When Shastri travelled out of Delhi on official tours, he avoided staying in VIP government guest houses. When he lost the Home Ministry because of the ‘Plan of Mr Kamaraj, he wrote in a letter to a trusted officer, Rajeshwar Prasad: “I shall be going to a smaller house. We have reduced one vegetable dish, as well as milk, and have started washing some of our clothes ourselves. I am using Ramji’s (his son-in-law, Vijay Nath Singh) car and shall put in petrol myself. We shall have to be careful in respect of other things also. I have left office twice before also and this is the third time…It is natural for you to be concerned. It is perhaps better not to think too much about what may come. I believe that whatever He does, we should accept cheerfully.

Hariye na himmat, bisariye na Ram ko Jahi vidhi rakhen Ram, tahi vidhi rahiye

(Do not lose heart and forsake Ram/ In whatever manner he chooses to keep you/ In that manner should you learn to live)…”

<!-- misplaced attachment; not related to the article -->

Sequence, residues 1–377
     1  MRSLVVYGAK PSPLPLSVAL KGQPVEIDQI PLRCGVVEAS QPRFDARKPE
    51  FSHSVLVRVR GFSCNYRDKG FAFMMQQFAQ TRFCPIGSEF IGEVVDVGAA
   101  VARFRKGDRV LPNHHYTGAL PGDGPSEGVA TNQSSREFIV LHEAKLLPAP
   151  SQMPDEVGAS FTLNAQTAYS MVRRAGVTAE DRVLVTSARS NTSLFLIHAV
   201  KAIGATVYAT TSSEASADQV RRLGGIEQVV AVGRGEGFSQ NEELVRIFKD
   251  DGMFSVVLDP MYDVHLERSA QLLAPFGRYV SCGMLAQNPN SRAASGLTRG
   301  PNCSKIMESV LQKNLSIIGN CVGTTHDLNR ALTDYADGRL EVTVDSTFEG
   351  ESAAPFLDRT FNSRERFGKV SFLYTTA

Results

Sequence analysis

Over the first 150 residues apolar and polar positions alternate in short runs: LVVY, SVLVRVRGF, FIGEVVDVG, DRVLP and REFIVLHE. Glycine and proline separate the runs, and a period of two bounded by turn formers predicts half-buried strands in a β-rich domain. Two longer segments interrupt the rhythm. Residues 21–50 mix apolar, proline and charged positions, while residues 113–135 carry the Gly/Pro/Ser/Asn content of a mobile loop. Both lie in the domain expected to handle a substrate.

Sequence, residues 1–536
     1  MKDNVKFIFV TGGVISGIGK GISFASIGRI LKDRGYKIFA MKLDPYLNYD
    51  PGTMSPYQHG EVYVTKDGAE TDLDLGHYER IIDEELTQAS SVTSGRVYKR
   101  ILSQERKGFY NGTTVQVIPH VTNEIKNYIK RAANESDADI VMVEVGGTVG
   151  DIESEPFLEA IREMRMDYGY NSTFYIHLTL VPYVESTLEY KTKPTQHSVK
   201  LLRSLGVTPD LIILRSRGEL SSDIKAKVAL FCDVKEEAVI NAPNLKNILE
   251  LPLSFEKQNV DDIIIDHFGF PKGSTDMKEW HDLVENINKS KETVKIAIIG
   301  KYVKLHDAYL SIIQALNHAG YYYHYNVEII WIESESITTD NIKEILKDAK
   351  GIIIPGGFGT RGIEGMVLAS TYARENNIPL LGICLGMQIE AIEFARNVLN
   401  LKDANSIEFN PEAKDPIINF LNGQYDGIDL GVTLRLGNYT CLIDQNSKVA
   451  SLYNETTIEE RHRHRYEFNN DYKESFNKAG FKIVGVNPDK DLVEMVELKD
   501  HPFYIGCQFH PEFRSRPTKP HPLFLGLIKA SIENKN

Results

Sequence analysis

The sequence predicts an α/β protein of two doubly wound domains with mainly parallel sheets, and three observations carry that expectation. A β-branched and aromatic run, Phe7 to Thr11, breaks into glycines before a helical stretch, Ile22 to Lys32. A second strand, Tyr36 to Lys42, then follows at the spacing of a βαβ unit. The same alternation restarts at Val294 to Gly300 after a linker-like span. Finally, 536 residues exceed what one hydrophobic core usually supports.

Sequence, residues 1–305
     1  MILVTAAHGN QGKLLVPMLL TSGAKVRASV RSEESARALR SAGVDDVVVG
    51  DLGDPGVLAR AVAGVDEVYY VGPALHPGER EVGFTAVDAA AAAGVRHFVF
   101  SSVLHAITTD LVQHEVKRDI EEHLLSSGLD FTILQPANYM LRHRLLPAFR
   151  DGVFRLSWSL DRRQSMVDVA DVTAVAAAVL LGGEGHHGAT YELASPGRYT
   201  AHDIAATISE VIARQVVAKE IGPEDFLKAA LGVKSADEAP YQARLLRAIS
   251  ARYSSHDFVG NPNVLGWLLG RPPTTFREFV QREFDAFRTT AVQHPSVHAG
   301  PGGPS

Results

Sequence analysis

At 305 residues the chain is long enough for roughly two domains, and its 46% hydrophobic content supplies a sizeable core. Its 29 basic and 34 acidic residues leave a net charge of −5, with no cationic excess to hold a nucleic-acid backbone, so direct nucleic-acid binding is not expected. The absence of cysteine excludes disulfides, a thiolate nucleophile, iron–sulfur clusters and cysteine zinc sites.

Shastri’s beginning had been very humble, very poor, like the beginnings of a majority of Indians even today. After the death of his father, a school teacher who later became a minor government employee, his mother had taken him and his two sisters to live with Shastri’s maternal uncle. His uncle helped him get his early education. The turning point in Shastri’s life came in 1920, when he heard Mahatma Gandhi’s appeal to the students of Benares to boycott government schools and colleges. Shastri decided there and then that he would quit his studies and join Gandhi’s non-cooperation movement. The 16-year-old Shastri went home and told his mother and uncle of his decision to quit studies and become a Congress volunteer for national service. Everyone was furious with him. His uncle rebuked him for having become ‘irresponsible’. “What will happen to your mother and sisters if you don’t study,” he had asked. Unruffled, the boy had listened to everyone and then finally turned to his mother. All she told him was: “Think deeply about the right course of action, then make up your mind and hold firmly to your decision.” His mother’s words became his talisman for life.